Stress Disorder, or another Dissociative Disorder, and is
not due to the direct physiological effects of a
substance(e.g., a drug of abuse, a medication) or a
general medical condition (e.g., temporal lobe epilepsy).
300.15 Dissociative Disorder Not Otherwise
Specified
This category is included for disorders in which the
predominant feature is a Dissociative symptom
(i.e., a disruption in the usually integrated
functions of consciousness, memory, identity, or
perception of the environment) that does not meet
the criteria for any specific Dissociative Disorder.
Examples include
1. Clinical presentations similar to Dissociative Identity
Disorder that fail to meet full criteria for this
disorder.Examples include presentations in which a)
there are not two or more distinct personality states, or b)
amnesia for important personal information does not
occur.
2. Derealization unaccompanied by depersonalization in
adults.
3 -States of dissociation that occur in individuals who
have been subjected to periods of prolonged and intense
coercive persuasion (e.g., brainwashing, thought reform, or indoctrination while captive).
4. Dissociative trance disorder: single or episodic
disturbances in the state of consciousness, identity, or
memory that are indigenous to particular locations and
cultures.
Dissociative trance involves narrowing of awareness of
immediate surroundings or stereotyped behaviors or
movements that are experienced as being beyond one's
control.
Possession trance involves re placement of the customary
sense of personal identity by a new identity, attributed to
the influence of a spirit, power, deity, or other person, and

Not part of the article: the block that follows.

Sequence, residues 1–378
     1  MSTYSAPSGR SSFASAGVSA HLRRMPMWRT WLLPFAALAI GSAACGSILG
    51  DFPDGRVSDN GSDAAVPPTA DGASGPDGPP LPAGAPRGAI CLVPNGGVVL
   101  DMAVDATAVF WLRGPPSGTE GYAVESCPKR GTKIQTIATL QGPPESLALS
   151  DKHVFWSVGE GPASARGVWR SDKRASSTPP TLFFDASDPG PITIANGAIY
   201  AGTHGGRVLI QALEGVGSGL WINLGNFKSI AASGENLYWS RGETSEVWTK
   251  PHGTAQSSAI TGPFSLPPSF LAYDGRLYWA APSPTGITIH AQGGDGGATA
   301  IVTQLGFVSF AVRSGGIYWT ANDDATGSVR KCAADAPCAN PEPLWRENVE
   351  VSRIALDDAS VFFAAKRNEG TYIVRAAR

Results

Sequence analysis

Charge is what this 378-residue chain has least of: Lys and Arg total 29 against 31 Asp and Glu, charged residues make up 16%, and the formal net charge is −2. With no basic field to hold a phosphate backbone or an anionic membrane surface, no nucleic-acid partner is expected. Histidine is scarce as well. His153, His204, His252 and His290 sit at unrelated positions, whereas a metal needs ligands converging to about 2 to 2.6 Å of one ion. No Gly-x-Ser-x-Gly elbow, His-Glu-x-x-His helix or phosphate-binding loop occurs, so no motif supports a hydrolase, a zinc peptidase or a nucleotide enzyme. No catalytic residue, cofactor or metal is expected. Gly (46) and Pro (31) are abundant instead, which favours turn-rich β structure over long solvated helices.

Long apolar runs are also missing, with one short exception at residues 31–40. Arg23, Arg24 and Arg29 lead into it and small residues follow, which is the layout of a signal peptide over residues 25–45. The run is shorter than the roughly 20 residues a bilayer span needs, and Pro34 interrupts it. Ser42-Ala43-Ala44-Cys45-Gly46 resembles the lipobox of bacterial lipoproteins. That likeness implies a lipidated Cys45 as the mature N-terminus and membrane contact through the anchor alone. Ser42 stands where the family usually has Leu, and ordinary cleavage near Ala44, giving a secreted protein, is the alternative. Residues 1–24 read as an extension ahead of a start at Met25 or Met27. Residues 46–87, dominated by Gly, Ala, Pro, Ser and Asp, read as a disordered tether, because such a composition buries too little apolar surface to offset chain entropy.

associated with stereotyped "involuntary" movements or
amnesia.
Examples include amok (Indonesia), bebainan
(Indonesia), latab (Malaysia), pibloktoq (Arctic),
ataque de nervios (Latin America), and possession
(India).
The Dissociative or trance disorder is not a normal
part of a broadly accepted collective cultural or
religious practice.
5. Loss of consciousness, stupor, or coma not
attributable to a general medical condition.
6. Ganser syndrome: the giving of approximate
answers to questions (e.g., "2 plus 2 equals 5")
when not associated with Dissociative Amnesia
or Dissociative Fugue
Dissociative amnesia
The patient suffers a loss of autbiographical memory for
certain past experiences
Dissociative Fugue
The amnesia is much more extensive and covers the
whole of the individual’s past life
It is coupled with a loss of personal identity
And often physical movement to another location
Dissociative Identity Disorder
A single individual appears to manifest 2 or more distinct
identities.
Each personality alternates in control over conscious
experience, thought, and action and is separated by some
degree of amnesia from the other(s).
Depersonalization Disorder
The person believes that he or she has changed in some
way, or is somehow unreal (derealization).
The Evolution of the
Concept
Three Theorist
Pierre Janet
One or more automatisms could split off from the
rest, thus functioning outside of awareness,
independent of voluntary control or both.
Neodissociation (Hilgard)
Links within the brain would be disrupted or isolated
from phenomenal awareness and the experience of
intentionality.
Woody and Bowers
The phenomena of dissociation reflect the failure of
these modules to be integrated at higher levels of the
system.
Dissociation is a natural state, to some degree.
The Evolution of a
Diagnosis
DSM I
Classified as Psychoneurotic Disorders
Anxiety is either “directly felt and expressed
or…unconsciously and automatically controlled
by various defense mechanisms (p. 32).”
DSM II
Hysterical Neurosis and Dissociative Type